Teaching geography to young students can be difficult because they don’t always understand the difference between a state and a city. At least this is the battle I have with teaching my third-grade daughter geography. This is why I was excited to receive The Little Man in the Map by E. Andrew Martonyi and The Little Man in the Map Teaches State Capitals by E. Andrew Martonyi to review. These two books use visual learning and rhyming to teach the states, their placement on the map, and their capitals.

The Little Man in the Map: With Clues to Remember All 50 States written by E. Andrew Martonyi uses imagination, rhyming, and visual clues to teach students from second grade to sixth grade geography. The book begins with a classroom of students that have to learn where each state is on the map. They think this task is impossible, but their teacher tells them they will use each state’s shape to create a clue that will help them remember. As the students begin to look at the map, they see a little man in the map. Minnesota is the hat, Iowa is the face, Missouri and Arkansas form the clothes, and Louisiana is the boot of the man. After the students find the man in the map, they use their imagination, and he comes alive to teach them all about the rest of the map. The book divides the map into the Midwestern States, Northeastern States, Western States, South Central States, and Southeastern States. Then the man in the map teaches rhymes to remember each of these regions and each state in the region. He also gives a visual clue to help remember each state. This book is available to purchase for the Kindle for just $9.99 or in hardback for just $15.16.

The Little Man in the Map Teaches State Capitals written by E. Andrew Martonyi is a companion book to The Little Man in the Map book. This book says you can learn all 50 state capitals in an hour. It uses word clues for the state name and the capital. Then it uses these clues to create a little rhyme you can repeat to help you remember the state and capital. Repetition is the key for this system of learning to work. This book is available to purchase for the Kindle for $7.99 or in paperback for just $11.95.

I wanted these books to work with my daughter on her geography. This isn’t a subject we have focused on for her yet, and before using these books, she would get confused between the states and cities. She read through The Little Man in the Map book, and she loved having the man teach her about the states. When she finished the book, she went over to our wall map to see if she could find the man in it. She did, and she was very excited. Then we started practicing the states’ names using the blank map in the back of the book. She did much better at recognizing the states after we had read the book than she did before it. We have read through this book several more times, and each time she learns where more of the states are while retaining the ones she previously learned. We also read through The Little Man in the Map Teaches State Capitals. I had my daughter read through a few states each day and concentrate on memorizing the state and its capital. She really loved the rhymes and loved the fact that she was learning the geography. We have gone through this whole book a few times now, and she remembers well over half of the rhymes. She says she is going to keep working on them until she can remember them all.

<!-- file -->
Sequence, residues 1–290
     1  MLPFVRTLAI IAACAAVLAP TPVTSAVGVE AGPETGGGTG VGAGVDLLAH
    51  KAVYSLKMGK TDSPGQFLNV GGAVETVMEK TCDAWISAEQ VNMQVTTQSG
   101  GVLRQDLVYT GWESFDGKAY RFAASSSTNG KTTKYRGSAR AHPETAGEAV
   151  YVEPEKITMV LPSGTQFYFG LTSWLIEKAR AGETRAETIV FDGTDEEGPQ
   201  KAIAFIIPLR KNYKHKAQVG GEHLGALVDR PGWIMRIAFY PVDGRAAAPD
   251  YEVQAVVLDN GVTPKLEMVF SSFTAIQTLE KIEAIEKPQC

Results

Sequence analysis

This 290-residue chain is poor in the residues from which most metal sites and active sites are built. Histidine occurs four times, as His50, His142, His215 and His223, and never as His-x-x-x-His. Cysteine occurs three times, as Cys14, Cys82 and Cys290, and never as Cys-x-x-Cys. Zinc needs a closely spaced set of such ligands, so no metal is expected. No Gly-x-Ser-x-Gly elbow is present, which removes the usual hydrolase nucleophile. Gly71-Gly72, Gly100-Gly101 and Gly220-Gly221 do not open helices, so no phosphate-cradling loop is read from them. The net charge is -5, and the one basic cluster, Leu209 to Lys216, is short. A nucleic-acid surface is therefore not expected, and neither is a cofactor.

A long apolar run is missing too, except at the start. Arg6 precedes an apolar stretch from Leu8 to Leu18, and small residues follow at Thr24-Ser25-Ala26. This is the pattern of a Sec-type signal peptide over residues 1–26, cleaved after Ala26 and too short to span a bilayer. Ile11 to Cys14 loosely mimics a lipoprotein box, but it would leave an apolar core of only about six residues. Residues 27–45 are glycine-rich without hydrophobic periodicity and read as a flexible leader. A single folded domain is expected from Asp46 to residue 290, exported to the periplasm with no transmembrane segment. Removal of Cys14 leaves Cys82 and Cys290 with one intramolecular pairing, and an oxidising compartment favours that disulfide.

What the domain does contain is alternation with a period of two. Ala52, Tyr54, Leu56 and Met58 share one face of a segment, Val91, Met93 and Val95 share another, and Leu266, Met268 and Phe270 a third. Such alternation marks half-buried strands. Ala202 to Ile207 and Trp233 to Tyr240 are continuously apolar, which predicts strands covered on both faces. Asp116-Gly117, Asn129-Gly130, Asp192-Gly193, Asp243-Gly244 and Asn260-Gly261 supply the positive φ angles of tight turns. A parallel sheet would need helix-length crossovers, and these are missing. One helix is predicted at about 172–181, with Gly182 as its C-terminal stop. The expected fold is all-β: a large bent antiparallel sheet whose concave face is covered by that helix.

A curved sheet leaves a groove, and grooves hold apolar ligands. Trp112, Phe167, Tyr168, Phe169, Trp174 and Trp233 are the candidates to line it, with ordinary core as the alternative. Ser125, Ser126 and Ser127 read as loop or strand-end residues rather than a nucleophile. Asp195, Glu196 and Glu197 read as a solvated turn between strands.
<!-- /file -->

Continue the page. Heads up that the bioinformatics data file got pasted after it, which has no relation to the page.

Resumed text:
Overall, I think these two books are great resources for helping to supplement a geography curriculum. They are fun and entertaining. They use methods that are perfect for both visual and auditory learners. The rhymes are very easy to memorize and retain in your memory. We will definitely continue using these books to help my daughter learn more of her geography, and we recommend them if you have students that love geography or students that are struggling with geography.

-Product review by Cassandra Holdeman, The Old Schoolhouse® Magazine, LLC, June 2017